Halos lock up Howie Kendrick with 4-year, $33.5M extension

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Anaheim’s spending spree continues.

According to Ken Rosenthal of FOXSports.com, the Angels have agreed to a four-year contract extension with second baseman Howie Kendrick. The deal will cover his final year of arbitration-eligibility and his first three years of free agency.

Kendrick posted career-bests across the board in 2011, batting .285/.338/.464 with 18 home runs, 63 RBI and 14 stolen bases in 583 plate appearances. He’s also become an elite defender at second base, with some of the best range in the bigs.

Financial terms of the agreement have not been disclosed. Kendrick made $3.3 million last year.

UPDATE, 9:39 PM: Bill Plunkett of the Orange County Register has confirmed Rosenthal’s report, and says the money involved is “to be announced.” Look for details to be leaked within the next few days.

UPDATE, 10:25 PM: USA Today’s Bob Nightengale says the extension is worth $33.5 million.

Yankees to hire Josh Bard as their new bench coach

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Aaron Boone has no experience as a coach or a manager at any level. As such, some have speculated that he’d hire a more seasoned hand as his bench coach as he begins his first season as Yankees manager. Someone like, say, Eric Wedge, who was a candidate for the job Boone got and who once managed Boone in Cleveland.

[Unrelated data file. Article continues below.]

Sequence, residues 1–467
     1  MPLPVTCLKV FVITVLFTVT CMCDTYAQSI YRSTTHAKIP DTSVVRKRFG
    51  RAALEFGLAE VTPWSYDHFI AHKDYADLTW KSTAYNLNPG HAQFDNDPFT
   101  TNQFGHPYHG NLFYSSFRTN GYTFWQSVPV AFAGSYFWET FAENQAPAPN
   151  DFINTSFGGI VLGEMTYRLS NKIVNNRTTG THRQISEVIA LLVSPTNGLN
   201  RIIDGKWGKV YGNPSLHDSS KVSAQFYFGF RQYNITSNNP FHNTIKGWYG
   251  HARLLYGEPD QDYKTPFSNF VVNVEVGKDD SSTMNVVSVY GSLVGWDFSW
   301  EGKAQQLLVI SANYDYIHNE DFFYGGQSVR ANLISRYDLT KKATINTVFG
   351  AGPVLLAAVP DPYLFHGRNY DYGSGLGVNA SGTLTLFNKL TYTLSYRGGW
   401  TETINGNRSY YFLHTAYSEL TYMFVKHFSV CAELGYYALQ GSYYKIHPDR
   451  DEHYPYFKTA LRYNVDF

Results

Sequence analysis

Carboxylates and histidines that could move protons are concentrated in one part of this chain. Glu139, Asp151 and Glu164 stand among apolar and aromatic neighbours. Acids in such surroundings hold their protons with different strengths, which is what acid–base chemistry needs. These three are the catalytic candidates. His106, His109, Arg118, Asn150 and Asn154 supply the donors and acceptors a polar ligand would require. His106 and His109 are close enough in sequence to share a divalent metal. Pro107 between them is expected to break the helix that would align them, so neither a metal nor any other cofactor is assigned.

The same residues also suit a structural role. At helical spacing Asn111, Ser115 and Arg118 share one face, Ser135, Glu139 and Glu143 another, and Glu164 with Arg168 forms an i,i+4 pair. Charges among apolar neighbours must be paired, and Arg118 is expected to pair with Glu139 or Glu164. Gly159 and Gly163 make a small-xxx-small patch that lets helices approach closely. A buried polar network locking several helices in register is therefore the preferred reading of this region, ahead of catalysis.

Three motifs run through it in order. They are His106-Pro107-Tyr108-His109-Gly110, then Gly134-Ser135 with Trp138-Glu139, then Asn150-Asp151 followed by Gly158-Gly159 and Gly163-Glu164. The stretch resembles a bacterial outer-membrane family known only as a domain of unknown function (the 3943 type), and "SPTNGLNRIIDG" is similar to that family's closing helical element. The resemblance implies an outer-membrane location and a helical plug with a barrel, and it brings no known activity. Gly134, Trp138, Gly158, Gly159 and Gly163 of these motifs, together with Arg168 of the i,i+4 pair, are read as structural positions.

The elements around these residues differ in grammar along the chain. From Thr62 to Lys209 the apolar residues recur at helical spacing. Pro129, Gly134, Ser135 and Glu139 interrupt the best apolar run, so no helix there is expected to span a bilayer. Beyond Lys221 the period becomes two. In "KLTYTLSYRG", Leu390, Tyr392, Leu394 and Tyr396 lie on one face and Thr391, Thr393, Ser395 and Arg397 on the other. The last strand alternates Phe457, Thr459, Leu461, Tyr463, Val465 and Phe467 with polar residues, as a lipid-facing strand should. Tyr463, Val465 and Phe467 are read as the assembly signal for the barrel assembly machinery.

Nope. According to MLB.com’s Mark Feinsand, he’s going with Josh Bard.

Bard, 39, was a teammate of Boone’s with the Indians in 2005. He’s not without coaching experience, having spent the last two seasons as the Dodgers’ bullpen coach, but he’s not that Gene Lamont/Don Zimmer-type we often see in the bench coach role.

Which is fine because different managers want different things from their bench coach. Some are strategy guys, helping with in-game decision making. Others are relationship guys who help managers understand all of the dynamics of the clubhouse while they’re worrying more about lineups and stuff. Others are trust guys, who can serve as the manager’s sounding board, among other things. Some are combinations of all of these things. As Feinsand notes in his story, Boone said at his introductory press conference that he’s looking for this:

“I want smart sitting next to me. I want confidence sitting next to me. I want a guy who can walk out into that room and as I talk about relationships I expect to have with my players, I expect that even to be more so with my coaching staff. Whether that is a guy with all kinds of experience or little experience. I am not concerned about that.”